GUATEMALA CITY, Guatemala (CNN) -- The death toll from a landslide in Guatemala grew to 33 people Monday afternoon, with up to 60 still missing, a rescue official said.
A landslide in the same area in northwest Guatemala killed two people December 14.
Six people were injured in Sunday's landslide, which blocked nearly one mile of road between Chicaman and San Cristobal Verapaz, said Hugo Arbizu, spokesman for the national disaster agency.
The tragedy occurred when travelers got out of a truck Sunday and started to walk across a path below the part of the road blocked by the previous landslide, Arbizu told CNN. Around 11:30 a.m., more than 10 tons of dirt and rock fell on them.
After the previous landslide, geologists declared that stretch of road a high-risk area, and nearby residents reported hearing occasional rumblings. Any type of travel over that segment had been prohibited, Arbizu said.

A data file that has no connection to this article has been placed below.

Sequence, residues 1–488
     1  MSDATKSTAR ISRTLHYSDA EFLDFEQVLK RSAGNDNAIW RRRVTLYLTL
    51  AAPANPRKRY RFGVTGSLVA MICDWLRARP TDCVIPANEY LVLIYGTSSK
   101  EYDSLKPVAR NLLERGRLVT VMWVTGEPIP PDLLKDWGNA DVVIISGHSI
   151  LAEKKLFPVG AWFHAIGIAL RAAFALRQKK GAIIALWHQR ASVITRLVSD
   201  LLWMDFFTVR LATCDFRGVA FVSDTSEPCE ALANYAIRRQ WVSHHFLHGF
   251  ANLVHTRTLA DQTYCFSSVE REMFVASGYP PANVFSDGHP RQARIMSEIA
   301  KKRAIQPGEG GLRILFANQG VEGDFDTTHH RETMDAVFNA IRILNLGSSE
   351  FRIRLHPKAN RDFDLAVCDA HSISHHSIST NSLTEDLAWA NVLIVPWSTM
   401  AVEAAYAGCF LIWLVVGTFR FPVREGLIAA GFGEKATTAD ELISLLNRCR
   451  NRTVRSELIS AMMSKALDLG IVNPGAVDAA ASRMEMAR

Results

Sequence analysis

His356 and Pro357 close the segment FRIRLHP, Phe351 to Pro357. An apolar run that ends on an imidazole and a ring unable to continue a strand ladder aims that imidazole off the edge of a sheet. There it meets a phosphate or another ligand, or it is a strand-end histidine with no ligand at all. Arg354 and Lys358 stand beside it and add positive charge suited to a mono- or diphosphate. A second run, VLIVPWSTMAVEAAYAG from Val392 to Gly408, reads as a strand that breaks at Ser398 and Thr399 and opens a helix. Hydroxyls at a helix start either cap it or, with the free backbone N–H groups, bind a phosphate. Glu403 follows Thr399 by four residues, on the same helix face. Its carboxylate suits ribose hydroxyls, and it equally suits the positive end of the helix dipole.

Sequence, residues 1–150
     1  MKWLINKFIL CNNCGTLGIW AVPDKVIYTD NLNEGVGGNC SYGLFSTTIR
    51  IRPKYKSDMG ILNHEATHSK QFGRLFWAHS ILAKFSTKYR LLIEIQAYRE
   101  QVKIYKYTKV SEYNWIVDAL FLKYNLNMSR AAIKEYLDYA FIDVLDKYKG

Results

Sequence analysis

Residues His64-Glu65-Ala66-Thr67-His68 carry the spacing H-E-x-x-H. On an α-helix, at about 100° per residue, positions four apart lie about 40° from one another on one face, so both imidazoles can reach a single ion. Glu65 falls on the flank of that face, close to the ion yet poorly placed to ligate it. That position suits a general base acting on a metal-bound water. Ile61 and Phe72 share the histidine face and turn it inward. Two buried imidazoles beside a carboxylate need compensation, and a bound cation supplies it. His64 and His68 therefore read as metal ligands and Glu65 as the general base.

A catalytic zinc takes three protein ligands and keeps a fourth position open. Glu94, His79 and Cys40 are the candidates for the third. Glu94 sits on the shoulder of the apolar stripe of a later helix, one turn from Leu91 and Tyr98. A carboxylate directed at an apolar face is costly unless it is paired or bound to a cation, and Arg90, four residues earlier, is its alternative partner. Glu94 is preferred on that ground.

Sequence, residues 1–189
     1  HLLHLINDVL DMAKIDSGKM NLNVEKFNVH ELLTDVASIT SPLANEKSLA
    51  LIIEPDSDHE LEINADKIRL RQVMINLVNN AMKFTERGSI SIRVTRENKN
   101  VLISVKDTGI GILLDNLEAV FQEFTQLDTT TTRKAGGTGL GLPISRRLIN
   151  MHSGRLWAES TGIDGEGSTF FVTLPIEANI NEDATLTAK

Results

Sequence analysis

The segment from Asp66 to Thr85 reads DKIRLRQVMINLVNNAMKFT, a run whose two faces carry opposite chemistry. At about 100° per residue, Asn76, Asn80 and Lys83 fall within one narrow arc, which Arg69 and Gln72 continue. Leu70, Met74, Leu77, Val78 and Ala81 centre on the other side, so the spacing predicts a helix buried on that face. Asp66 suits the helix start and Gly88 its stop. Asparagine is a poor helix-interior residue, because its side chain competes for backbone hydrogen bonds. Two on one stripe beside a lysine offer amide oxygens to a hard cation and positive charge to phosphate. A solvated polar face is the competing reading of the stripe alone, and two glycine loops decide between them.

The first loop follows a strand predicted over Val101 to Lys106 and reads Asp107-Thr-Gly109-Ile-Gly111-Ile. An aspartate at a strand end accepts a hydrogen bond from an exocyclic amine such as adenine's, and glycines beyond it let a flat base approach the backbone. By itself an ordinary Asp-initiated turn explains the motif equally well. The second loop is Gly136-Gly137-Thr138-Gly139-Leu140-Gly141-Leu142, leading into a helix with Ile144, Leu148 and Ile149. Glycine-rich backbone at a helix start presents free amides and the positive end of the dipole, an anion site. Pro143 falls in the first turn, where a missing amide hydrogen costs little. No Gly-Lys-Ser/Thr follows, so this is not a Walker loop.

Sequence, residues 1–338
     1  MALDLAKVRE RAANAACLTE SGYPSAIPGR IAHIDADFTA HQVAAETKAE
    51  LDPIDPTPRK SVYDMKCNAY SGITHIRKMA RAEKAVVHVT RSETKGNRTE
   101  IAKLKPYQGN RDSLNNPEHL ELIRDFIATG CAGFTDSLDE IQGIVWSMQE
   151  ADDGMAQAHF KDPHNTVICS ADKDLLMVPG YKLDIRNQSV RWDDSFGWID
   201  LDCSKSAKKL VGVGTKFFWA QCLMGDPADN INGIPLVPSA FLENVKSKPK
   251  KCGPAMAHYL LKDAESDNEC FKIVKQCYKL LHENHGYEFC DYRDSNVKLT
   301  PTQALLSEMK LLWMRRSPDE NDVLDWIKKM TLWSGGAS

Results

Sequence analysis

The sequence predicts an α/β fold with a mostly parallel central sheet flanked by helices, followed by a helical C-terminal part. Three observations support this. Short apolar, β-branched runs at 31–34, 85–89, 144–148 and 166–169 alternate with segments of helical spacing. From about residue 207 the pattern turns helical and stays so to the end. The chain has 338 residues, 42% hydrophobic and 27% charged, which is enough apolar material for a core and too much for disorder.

Video footage on CNN affiliate Canal 7 TV showed rocks and dirt continuing to slide down a mountain after the disaster.
The search was called off at 6 p.m. Sunday because of concerns over more landslides, but it resumed at 6 a.m. Monday, Arbizu said.
Guatemalan Vice President Rafael Espada toured the site, accompanied by Alejandro Maldonado, head of the national agency for the reduction of disasters, and Health Minister Celso Cerezo.
Espalda said the government would help families with funeral costs, but it was difficult to identify some bodies because they were so badly mutilated, the Prensa Libre newspaper said.
Makeshift morgues were set up nearby, with the expectation that more bodies will be found, Cerezo said.
The first rescuers on the scene described the devastation, even as they watched for further slides.
"When we arrived, we found a dramatic scene with many people crying for family members buried when they tried to cross," Jorge Bol of the volunteer fire department in San Cristobal Verapaz told the newspaper.
Photos on the Prensa Libre Web site showed family members and others helping rescue crews carry victims out of the disaster area and bodies lined up behind an ambulance.
Journalist Patzy Vasquez contributed to this report.
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